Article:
Community

Opening Of Crown Heights Homeless Shelter Delayed Again

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1173 Bergen Street (Photo by Nathan Haselby)

On Wednesday, Brooklyn Supreme Court Judge Katherine Levine once again extended the temporary restraining order that prohibits a new homeless shelter from opening at 1173 Bergen Street in Crown Heights.

Two block associations and more than 40 Crown Heights residents argue that Crown Heights is unfairly oversaturated with 19 homeless shelters. The plaintiffs filed a petition on March 21 to halt the opening of the shelter, which was originally scheduled to open March 22.

More than 100 affidavits had been filed by neighbors and local business owners for yesterday’s hearing, demonstrating how the over-saturation of shelters negatively affects the community and describing “what it is like to live with 19 shelters within a half-mile radius,” Jennifer Catto, one of the plaintiffs, states.

The plaintiffs stress they “do not wish to criminalize the homeless,” Catto says. Many of their statements describe instances of shelter residents behaving violently, panhandling aggressively, drinking and using drugs on the streets, trespassing, and harassing locals. Neighbors are concerned that the 104 senior homeless men the new shelter would bring to the area would increase these occurrences.

“On New York between Pacific and Dean, an older man (seemingly homeless) lifted his mostly empty shopping cart into the air like a baseball bat, swinging with all of his might and knocking me to the ground. Though he did not steal anything, I was shaken and the entire side of my body where he struck me with cart was bruised for quite sometime,” one community member stated.

“One of the most disgusting memories is coming home with my very young daughter and having to step over a homeless man lying on the ground in our gate snoring loudly with his pants down around his thighs and his genitals exposed. He was gone by the time the police came,” another recalled.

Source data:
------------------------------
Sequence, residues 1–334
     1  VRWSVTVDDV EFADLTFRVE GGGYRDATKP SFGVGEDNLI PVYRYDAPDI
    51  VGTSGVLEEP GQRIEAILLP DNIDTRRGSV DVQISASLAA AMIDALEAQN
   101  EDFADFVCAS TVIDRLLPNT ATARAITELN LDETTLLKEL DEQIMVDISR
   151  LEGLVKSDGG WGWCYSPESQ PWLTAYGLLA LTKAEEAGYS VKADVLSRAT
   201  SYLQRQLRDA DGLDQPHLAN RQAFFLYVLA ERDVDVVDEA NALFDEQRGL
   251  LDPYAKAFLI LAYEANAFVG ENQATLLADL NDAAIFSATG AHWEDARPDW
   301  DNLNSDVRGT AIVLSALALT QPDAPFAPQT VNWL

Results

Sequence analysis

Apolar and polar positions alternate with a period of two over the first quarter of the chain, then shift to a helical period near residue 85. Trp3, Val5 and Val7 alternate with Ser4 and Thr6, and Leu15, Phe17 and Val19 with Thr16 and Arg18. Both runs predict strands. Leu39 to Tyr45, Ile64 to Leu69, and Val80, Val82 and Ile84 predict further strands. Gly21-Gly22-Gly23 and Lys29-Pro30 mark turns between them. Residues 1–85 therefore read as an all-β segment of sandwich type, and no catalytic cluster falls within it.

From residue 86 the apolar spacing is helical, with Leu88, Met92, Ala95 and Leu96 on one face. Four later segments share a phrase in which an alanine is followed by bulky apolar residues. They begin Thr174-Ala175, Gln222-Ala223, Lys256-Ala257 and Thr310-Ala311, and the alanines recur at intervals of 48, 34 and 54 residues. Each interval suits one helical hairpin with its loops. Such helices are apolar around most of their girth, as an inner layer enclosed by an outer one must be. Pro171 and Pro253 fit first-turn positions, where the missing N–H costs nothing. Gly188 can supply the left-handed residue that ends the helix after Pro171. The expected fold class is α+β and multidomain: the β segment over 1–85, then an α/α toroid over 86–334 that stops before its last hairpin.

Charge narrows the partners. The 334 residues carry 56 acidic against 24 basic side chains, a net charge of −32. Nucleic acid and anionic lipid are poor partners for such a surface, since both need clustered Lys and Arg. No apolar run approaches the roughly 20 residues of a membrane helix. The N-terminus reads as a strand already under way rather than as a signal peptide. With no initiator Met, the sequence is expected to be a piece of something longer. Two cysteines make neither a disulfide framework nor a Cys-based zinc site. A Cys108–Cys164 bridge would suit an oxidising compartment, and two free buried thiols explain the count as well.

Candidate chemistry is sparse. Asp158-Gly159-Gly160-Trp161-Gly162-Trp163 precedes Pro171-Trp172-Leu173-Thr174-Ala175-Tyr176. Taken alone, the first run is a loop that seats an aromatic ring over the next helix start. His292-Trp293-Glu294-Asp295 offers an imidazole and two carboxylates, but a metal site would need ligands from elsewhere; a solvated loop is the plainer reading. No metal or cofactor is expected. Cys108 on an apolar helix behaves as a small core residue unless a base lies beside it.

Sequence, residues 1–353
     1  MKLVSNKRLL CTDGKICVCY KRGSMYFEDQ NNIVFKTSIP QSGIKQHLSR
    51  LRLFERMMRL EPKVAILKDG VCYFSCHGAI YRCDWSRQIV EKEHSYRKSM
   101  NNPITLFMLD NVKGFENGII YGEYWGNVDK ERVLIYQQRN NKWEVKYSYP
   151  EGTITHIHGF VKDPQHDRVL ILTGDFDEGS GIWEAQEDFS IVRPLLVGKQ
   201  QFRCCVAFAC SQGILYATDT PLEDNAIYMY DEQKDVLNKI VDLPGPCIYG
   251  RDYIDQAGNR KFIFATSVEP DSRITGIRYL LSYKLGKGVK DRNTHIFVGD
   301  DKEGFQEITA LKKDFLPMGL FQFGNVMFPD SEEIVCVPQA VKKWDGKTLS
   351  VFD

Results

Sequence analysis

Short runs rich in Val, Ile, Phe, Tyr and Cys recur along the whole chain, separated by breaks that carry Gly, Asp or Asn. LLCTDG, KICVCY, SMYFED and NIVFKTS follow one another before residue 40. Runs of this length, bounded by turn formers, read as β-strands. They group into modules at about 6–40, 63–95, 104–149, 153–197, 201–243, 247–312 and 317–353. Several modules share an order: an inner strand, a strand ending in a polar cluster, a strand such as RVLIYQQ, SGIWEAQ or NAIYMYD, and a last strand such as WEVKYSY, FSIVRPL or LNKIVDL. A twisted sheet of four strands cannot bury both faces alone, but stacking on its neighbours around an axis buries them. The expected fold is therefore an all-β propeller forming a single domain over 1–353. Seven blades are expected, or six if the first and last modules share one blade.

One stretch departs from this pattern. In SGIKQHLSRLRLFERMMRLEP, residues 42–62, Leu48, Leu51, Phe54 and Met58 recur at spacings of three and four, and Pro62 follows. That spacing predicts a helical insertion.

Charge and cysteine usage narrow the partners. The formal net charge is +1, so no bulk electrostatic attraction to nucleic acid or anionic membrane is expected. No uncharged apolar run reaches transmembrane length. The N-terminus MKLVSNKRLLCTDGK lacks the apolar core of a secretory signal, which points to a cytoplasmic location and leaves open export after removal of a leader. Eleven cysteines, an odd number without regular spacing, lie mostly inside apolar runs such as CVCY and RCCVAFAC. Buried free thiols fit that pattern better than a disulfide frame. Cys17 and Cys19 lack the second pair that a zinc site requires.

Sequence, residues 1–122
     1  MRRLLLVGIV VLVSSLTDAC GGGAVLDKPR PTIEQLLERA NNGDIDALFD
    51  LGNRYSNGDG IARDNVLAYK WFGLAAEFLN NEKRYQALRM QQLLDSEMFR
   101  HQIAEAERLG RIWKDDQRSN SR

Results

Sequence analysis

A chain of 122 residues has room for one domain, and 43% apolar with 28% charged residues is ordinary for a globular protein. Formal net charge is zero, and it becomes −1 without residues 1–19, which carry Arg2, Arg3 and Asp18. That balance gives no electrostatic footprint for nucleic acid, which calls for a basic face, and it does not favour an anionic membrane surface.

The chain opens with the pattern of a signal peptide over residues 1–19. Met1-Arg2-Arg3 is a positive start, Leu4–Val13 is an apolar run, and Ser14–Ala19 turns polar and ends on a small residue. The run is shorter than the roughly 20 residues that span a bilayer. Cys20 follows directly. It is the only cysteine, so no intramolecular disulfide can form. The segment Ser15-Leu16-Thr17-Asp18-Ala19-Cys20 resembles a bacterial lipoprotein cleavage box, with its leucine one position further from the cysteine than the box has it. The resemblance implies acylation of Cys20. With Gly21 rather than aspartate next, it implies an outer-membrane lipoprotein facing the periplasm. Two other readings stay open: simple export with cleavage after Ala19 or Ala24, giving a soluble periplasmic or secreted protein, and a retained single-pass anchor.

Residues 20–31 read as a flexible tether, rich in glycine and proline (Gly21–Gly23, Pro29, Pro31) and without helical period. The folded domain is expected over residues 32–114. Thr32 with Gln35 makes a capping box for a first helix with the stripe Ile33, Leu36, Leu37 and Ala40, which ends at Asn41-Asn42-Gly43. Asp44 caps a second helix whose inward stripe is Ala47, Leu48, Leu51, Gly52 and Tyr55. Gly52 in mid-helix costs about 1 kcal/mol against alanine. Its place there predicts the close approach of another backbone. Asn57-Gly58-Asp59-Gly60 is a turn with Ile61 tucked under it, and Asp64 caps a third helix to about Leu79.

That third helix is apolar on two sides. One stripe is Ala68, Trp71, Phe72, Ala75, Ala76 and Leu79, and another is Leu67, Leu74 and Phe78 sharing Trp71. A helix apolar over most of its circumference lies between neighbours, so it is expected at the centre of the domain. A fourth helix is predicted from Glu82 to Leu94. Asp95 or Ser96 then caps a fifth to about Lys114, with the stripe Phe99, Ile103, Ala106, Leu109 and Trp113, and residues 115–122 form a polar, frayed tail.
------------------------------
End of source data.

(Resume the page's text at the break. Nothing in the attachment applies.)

“I have two young daughters, 5 and 7 years old. We are approached [by the homeless] regularly, and often I feel that it is in a hostile or aggressive, threatening manner, and it makes me fear for my daughters’ and my safety,” a third Crown Heights resident said.

“We remain committed to opening this site so that over 100 seniors can be sheltered closer to the community they called home and to working with community members to address concerns so that our clients receive a warm welcome,” Isaac McGinn, a spokesperson for the Department of Homeless Services, tells BKLYNER.

“New York City is under court order to provide shelter for all homeless individuals in need and we remain confident that the courts will recognize, as they have for decades, our vital need for these high-quality beds—in a facility with comprehensive social and support services, rather than hotels, which are less effective for homeless New Yorkers and communities alike,” he adds.

The Bergen Street shelter is one of the first facilities in Mayor de Blasio’s plan to open 90 homeless shelters throughout the city within the next five years. DHS has announced five new shelter locations so far this year, with three of these planned to be in or near Crown Heights.

DHS insists that the opening of the Bergen Street shelter, as well as last month’s opening of a new women’s facility at Prospect Place, would enable the agency to close cluster sites and stop the use of commercial hotels to house homeless individuals in the area.

McGinn says Crown Heights and surrounding neighborhoods would see a reduction of 100 beds after the opening of these sites.

DHS has had to find alternate housing for the 104 men whom they intend on placing at 1173 Bergen Street, he adds.

“Our goal is to ensure this facility is seamlessly integrated into the community and that our clients receive a warm welcome,” McGinn states. “We encourage community members to join the Community Advisory Board we will set up for this site so that we can maintain an open dialogue and address any concerns as soon as they arise.”

Judge Levine extended the temporary restraining order to allow both sides to further negotiate until the next hearing which is scheduled for April 28, the Daily News reports.

 

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